In assessing available evidence, the Guideline Development Group acknowledged that metaanalyses could not be performed because of the heterogeneity between the included studies, and that results² of each study should be assessed individually. All but one of the studies (18) reported a reduction in incidence of LTBI, ranging from 2.9% to 11.5%. The longitudinal cohort study assessed the effect of negative pressure isolation rooms with HEPA filtration and 20 ACH in two tertiary care level hospitals in Brazil, comparing TST conversion rates among health workers with those in two other hospitals where environmental controls were not implemented in patient-care areas. The incidence of TST conversions was 7.4 per 1000 person-years and 8.1 per 1000 person-years in the two facilities where the measures were applied, compared with 12.2 per 1000 personyears and 19.8 per 1000 person-years in the two hospitals where the measures were not applied.
Studies reporting the use of mixed-mode ventilation showed reductions in the rate of LTBI among health workers when this intervention was implemented (24, 44). However, the Guideline Development Group noted differences between the settings as well as the way in which interventions were implemented. The use of composite interventions, in addition to mechanical ventilation, in these studies can give rise to spurious associations. An association between the implementation of mechanical ventilation and an increase in TST conversions among other persons attending high -transmission risk settings was observed during an outbreak investigation at a university in Canada, suggesting that TB contacts attending class in mechanically ventilated rooms were more likely to be TST-positive than those in naturally ventilated rooms (68). This effect could have been spuriously induced through residual confounding, or poor maintenance of mechanical ventilation systems leading to poorer overall ventilation. Also, naturally ventilated rooms may have had a higher ACH rate than rooms ventilated by mechanical systems.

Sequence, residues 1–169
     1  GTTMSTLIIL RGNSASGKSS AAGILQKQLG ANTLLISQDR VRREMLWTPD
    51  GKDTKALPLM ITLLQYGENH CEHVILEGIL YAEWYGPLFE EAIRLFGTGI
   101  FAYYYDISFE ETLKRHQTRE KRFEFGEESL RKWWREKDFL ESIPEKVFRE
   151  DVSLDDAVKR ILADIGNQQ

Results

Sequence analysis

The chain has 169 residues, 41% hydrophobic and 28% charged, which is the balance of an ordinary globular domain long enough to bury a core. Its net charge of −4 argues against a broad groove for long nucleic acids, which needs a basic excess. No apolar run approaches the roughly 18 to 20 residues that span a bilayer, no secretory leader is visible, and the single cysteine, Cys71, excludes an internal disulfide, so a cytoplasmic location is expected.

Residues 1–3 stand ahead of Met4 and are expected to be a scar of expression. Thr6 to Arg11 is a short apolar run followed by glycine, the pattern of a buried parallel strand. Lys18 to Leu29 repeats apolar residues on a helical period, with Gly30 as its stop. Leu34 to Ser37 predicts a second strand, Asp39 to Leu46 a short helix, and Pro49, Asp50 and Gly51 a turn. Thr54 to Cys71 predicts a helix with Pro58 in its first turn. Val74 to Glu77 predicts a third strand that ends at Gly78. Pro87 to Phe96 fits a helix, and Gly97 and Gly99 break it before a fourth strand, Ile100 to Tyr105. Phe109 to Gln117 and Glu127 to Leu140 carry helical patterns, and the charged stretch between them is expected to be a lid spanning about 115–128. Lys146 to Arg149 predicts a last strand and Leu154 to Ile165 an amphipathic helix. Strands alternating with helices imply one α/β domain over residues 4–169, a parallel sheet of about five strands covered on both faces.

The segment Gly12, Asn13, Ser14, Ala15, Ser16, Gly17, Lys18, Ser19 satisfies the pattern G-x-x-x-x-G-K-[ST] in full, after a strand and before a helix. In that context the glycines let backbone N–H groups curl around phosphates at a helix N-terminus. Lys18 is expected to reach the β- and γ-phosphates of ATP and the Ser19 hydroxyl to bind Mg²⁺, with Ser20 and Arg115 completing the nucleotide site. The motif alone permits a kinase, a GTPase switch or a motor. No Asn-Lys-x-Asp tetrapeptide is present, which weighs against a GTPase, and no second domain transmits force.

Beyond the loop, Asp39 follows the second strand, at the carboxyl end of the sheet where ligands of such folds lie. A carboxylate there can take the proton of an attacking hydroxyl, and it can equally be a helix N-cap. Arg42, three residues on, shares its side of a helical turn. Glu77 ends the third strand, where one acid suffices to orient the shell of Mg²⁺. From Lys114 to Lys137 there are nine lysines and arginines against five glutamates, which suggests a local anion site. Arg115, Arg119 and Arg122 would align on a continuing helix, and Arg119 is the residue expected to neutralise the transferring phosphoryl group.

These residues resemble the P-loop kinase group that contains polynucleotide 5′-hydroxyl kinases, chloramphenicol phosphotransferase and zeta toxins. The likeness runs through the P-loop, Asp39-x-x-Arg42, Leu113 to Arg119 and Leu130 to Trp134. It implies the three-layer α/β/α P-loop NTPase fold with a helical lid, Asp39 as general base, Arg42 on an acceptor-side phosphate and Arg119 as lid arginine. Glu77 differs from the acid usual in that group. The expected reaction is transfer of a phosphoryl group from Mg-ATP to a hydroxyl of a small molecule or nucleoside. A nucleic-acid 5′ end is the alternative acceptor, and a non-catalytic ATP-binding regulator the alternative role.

The Guideline Development Group reviewed the evidence from the systematic reviews and discussed the limitations of included studies. Difficulties included dissecting the individual effect or impact of each intervention, and the lack of published studies regarding other forms of mechanical ventilation that have long been implemented in a variety of settings. Despite the lack of data, the panel was able to extrapolate from published studies to make decisions on specific interventions, such as natural and mixed-mode ventilation, and recirculated air filtration. Due to the limitations in the available evidence (discussed above), members of the Guideline Development Group decided that confidence in the evidence was to be rated “very low” because of concern about indirectness.
The Guideline Development Group further discussed and recognized the effectiveness of ventilation systems in providing sufficient dilution of particles in high-risk settings, and in effectively reducing the concentration of airborne M. tuberculosis. Although the panel agreed on the advantages that these systems confer – when properly installed according to room geometry, correctly monitored and properly maintained – there is a potential risk of paradoxically increasing the risk of transmission when systems are poorly implemented or poorly maintained. These factors led the group to emphasize the conditionality of this recommendation.